Originally Posted by jragosta
You're absolutely right. The TV hardware sales are much smaller.
This source says that the number is around 50 M units in a quarter - or 200 M units per hear. At $1000 per TV, that's $200 B. Add in the watches and you have $250 B - so the analyst is expecting Apple to capture 1/3 of the total market - which is just plain absurd. Those are both well-established markets with strongly entrenched market leaders and very little profit potential. To think that Apple will come in with a premium priced product and take a third of the market is crazy.
Yes, they did it with iPads, but that was not an strongly established mature markets. Let's look at mobile phones. At launch, Jobs said Apple wanted a couple percent - and the analysts thought that was unreasonable. Even now - after 7 years of the most successful product launches in history and products that completely revolutionized the industry, Apple has around 10% of the entire mobile market.
So why are TVs and watches so different that anyone would reasonably predict Apple to get 1/3 of the entire market? Nothing. It's pure hype intended to create unrealistic expectations.
Not to beat a dead horse, but I did not see unit per year numbers anywhere in that source article. Perhaps is is in the linked full story pdf. Nonetheless, assuming that the yearly unit television sales are 200M, the average sale price is far lower than $1,000USD. It is likely closer to $650USD. (My Wolfram Alpha query, "average cost of a television" resulted in a median price of $649USD. A low-end 15" Coby goes for $94.98 and a 90" Sharp goes for $9,999.98.). 200M TV units at that median price gets you to about $129.8B in global revenue for televisions (not the entire TV industry including content).
Also, the global watch market was $46.6B, not $50B as you rounded to upthread. That's a big difference. With the TV hardware revenues, that gets us to a total of $176.4B USD.
Lastly, the contention was Apple capturing 20% of the combined market, not 33.3% (1/3) of those markets, collectively. That's another big difference. So, your numbers were rather fuzzy, again. What we have now is 20% of $176.4B, which is $35.28B in revenue that someone "inanely" projected Apple could generate in profit in the foreseeable future.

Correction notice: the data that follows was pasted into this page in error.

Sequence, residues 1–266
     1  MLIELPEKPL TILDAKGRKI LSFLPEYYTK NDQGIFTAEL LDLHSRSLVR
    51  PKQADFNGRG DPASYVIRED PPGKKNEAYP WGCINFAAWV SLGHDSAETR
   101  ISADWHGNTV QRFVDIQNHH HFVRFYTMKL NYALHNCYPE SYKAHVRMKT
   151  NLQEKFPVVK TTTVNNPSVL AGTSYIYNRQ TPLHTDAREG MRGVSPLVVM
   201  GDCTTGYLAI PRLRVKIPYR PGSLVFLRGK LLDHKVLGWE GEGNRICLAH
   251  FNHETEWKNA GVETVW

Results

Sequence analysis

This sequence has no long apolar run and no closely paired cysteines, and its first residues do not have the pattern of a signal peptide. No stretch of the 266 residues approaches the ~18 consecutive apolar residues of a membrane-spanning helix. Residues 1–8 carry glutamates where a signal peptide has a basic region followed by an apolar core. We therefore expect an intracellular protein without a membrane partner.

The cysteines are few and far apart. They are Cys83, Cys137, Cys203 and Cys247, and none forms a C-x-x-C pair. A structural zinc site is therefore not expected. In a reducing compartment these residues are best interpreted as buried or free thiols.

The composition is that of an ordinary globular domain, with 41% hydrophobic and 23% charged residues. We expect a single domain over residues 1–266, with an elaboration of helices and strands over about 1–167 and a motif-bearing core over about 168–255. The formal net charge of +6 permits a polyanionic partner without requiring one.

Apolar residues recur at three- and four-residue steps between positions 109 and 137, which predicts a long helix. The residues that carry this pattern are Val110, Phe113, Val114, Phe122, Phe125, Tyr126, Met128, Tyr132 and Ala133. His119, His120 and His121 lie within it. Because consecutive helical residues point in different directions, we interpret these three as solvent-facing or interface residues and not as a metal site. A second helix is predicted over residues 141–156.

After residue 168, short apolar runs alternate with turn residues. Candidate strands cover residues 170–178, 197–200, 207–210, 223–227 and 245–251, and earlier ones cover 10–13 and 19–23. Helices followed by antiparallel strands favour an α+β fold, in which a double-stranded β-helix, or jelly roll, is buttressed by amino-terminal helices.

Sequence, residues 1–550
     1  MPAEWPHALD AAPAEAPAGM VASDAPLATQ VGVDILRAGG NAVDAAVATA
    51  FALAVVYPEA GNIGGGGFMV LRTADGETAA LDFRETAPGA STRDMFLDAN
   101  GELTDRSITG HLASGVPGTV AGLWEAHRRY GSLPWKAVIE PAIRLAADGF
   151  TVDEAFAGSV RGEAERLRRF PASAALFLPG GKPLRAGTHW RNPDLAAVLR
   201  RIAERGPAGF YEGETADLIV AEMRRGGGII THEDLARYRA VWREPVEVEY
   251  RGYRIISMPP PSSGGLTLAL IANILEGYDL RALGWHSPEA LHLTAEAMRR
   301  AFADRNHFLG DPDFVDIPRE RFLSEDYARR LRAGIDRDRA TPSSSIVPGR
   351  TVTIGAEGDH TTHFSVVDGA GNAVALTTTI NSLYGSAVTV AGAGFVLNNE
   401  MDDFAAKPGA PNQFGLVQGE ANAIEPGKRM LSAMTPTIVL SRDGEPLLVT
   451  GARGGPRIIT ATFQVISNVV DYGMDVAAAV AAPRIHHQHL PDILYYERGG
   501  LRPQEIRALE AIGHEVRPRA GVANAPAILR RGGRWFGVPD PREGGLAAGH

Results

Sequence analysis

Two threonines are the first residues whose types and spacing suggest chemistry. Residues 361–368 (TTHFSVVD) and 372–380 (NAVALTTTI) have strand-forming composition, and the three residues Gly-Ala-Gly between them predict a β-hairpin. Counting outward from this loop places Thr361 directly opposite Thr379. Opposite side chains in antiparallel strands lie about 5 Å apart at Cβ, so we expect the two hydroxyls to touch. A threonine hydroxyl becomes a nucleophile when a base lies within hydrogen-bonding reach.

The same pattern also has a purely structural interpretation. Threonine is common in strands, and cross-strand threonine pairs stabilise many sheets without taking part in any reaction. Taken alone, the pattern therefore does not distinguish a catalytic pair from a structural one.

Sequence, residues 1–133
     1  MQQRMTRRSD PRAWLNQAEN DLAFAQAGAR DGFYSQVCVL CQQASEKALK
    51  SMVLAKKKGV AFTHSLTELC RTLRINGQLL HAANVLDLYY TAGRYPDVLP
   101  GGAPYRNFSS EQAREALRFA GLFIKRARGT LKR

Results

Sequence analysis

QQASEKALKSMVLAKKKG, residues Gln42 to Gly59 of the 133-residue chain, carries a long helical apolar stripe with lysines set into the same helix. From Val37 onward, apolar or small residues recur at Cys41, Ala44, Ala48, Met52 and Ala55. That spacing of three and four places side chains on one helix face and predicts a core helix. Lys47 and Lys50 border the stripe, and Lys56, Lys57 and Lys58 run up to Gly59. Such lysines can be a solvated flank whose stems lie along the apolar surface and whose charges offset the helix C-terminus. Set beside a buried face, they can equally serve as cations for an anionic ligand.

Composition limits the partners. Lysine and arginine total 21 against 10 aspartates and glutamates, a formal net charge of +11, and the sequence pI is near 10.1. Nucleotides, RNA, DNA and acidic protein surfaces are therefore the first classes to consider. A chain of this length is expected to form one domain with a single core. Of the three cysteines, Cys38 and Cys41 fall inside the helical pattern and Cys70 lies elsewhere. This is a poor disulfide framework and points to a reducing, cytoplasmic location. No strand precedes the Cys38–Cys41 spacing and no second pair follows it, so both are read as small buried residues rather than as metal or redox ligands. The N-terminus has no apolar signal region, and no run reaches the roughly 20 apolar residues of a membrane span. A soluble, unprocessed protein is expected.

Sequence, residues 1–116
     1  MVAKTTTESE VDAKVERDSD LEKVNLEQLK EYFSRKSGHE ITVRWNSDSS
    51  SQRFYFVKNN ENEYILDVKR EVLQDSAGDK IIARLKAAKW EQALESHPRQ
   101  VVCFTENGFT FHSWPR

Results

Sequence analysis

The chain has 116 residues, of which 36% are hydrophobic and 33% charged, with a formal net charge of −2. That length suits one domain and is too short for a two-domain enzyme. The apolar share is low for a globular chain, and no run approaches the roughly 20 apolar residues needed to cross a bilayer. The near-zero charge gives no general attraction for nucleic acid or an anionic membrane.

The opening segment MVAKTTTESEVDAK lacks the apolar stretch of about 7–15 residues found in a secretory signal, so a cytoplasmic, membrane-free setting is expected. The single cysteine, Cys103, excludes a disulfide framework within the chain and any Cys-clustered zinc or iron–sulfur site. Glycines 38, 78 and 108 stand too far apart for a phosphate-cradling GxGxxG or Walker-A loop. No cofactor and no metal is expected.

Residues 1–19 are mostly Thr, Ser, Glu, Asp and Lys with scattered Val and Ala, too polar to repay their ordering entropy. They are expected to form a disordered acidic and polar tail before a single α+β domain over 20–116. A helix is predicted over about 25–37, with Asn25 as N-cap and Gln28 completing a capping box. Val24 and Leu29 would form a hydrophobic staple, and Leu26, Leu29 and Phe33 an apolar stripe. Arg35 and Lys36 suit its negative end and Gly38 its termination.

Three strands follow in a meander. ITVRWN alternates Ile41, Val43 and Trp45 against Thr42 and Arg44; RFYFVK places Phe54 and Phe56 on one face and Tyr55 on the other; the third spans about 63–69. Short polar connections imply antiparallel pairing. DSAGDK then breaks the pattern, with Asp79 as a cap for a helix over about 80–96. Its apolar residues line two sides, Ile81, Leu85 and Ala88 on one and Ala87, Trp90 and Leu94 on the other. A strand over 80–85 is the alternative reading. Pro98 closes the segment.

Considering that Apple reported $155.97B in revenue in FY 2012 (as compared to "only" $32.48B four years earlier in 2008: http://www.marketwatch.com/investing/stock/aapl/financials) suggests that even if Apple's revenue growth slowed substantially, it could easily report over $200B in annual revenue in the foreseeable future-perhaps in five years or less.
It is not only not inane, or not possible, but perhaps actually likely that a single breakout product of Apple's could generate 20% of the revenues in the TV and watch markets. Interestingly, the $35.28B figure represents close to 20% of Apple's current revenue. If Apple can scoop up well over $30-40B in revenue from the telephone (iPhone) and PC (iPad) industries, why not from the TV and watch industries?
We know that Apple's iPad accounted for 20% of its 2012 revenues and iPhone accounted for 53% of its revenues: http://www.macrumors.com/2012/01/24/apple-reports-best-quarter-ever-in-q1-2012-13-06-billion-profit-on-46-33-billion-in-revenue/. Furthermore, from a market share (and absolutely from a revenue and profit share) perspective, Apple has demonstrated a keen ability to do exactly what you say is inane to consider. It can capture greater than 20% of a market it enters very quickly. On a related note, it also can drive a significant proportion of its own revenue with a single breakout product.
It is not pure hype and the expectations are not unrealistic, but actually supported by historical data.